A Guide to Modern Freemason­ry

A Guide to Modern Freemasonry by Robert E. Burtt
Published by Createspace Independent Publishing Platform on November 20th 2014
Pages: 156
Goodreads

Ever since the Fraternity made its modern public appearance in 1717, printing presses have produced a torrent of writings dealing with every imaginable aspect of this group. The current state of affairs illustrates my excuse, if you will, for writing this short work. There is too much information about Freemasonry in print. All of this overload just makes a confusing and complex subject even more perplexing for the interested reader. What is needed is a short, easily understood overview of the fascinating world of the Freemasons. It is my belief that many casual laypersons who wish to learn a little about Freemasonry want just that: to learn a little about the Craft. They don't want to embark upon an extensive investigation involving hundreds of pages. They simply want a quick overview of the Fraternity and perhaps get the answers to a few basic questions. After satisfying their curiosity, they wish to move on. It is with this audience in mind that I have decided to pen this little work. The title is meant to be literal. This is a simple, short introduction to a very complex phenomenon. The book closes with a meditation on the ultimate purpose of Freemasonry and its value, both to the individual, and to society as a whole. Other books and areas of research are recommended for the casual reader who might want to explore "The Brotherhood" further.

There are few short, readable yet comprehensive books which can provide our newer members with infor­mation they crave. I’ve just found a great one – by accident while perus­ing Amazon’s new books. Bro. Robert Burtt’s A Guide to Modern Freemason­ry is a perfect gift for the new member, providing ‘just enough’ information on nearly all facets of the Craft from officer duties on through anti-Masonry. It cov­ers those things that we all encounter as Masons, usually sooner rather than later. It’s contempo­rary in thought and thus a great book for a spouse to pick up as well. Let me be clear: that I’m thanked in the book’s preface is not the reason for this review. Honestly! In fact, I didn’t even know the book was being written much less that I would have been mentioned. It is, simply, a great read and I’d encourage every lodge to consider this as a gift for their new members. I won’t tell you what Bro. Burtt has men­tioned to me as his next work but it’s exciting and will sure be worth it based on what we’ve seen so far. Stay tuned!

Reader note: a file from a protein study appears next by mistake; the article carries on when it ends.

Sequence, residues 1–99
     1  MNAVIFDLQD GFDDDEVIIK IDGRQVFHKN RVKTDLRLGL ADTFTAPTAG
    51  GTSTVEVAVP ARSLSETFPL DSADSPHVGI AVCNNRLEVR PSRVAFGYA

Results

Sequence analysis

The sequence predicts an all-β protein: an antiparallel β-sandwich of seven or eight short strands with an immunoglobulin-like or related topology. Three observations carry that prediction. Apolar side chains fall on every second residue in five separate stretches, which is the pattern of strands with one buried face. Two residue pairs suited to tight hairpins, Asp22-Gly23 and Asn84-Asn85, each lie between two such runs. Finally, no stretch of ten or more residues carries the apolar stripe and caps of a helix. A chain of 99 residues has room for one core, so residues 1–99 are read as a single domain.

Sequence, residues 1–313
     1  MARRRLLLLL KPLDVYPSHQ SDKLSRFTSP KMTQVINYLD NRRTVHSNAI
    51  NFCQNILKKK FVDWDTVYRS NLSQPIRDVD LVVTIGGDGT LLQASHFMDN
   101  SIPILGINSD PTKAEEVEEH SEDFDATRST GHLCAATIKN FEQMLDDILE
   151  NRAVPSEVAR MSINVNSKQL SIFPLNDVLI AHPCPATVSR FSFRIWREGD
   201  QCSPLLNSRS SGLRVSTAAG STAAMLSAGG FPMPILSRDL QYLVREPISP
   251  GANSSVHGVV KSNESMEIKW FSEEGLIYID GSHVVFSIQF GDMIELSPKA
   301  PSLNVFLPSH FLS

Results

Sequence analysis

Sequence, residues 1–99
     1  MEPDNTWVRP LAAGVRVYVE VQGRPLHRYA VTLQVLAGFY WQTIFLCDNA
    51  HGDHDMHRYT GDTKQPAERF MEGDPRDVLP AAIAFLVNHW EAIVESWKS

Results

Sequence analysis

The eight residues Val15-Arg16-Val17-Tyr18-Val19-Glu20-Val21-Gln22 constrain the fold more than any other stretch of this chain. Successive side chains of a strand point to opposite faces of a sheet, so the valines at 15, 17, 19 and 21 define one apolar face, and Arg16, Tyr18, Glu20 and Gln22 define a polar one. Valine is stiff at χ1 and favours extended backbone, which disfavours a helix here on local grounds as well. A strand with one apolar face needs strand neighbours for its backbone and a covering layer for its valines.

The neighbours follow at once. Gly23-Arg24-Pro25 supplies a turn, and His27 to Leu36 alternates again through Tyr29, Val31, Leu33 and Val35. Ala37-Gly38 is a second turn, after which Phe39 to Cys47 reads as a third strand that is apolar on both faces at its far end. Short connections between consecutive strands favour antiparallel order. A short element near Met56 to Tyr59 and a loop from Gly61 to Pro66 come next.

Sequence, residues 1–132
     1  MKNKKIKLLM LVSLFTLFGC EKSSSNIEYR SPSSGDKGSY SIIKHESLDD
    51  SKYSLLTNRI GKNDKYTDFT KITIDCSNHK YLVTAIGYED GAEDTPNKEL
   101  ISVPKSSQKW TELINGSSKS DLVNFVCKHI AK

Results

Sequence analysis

The Meaning of Masonry

The Meaning of MasonryThe Meaning of Masonry, Revised Edition by W. L. Wilmshurst
Published by PLUMBSTONE on November 1st 2007
Genres: General, Religion, Philosophy, Social Science, Freemasonry & Secret Societies
Pages: 192
Goodreads

W.L. Wilmshurst's powerful vision of the rites and rituals of Freemasonry as a spiritual philosophy begins with this book. Here, Masonry is presented as "a sacramental system," represented not only by the ceremonies as experienced in theinitiations, but also by an internal and mystical side, hidden behind the visible symbolism, "available only to the Mason who has learned to use his spiritual imagination and who can appreciate the reality that lies behind the veil." This new, revised edition features a more readable modern typeface, and is enriched with extensive notes to make many of its points more accessible for both British and American students of Freemasonry. Prominent Masonic author Robert G. Davis calls this book "An easy-to-read and gratifying work which affirms Wilmshurst's interpretation: that the progressive lessons ofCraft Masonry are nothing less than the spiritual journey ofthe psyche toward full realization."

I never imagined that I’d be writ­ing about a book first published in 1922 but it really is necessary due to the continued interest it elicits. The Meaning of Masonry by W. L. Wilmshurst is a true clas­sic which has stood the test of time and ‘speaks’ to today’s new Masons with much the same intensity as it did when originally published. A true ‘Masonic Mystic’, Wilmshurst provides an interpretation of Masonic philosophy which stimulates and mo­tivates. Although written for English Masons, any Brother could relate to the thoughts and interpretations and it’s a book you really should read. There’s an excellent revised and expanded new (2007) edition available but it’s also easily found in its original format in numerous places online including the great source for free out-of-copyright works, Google Books.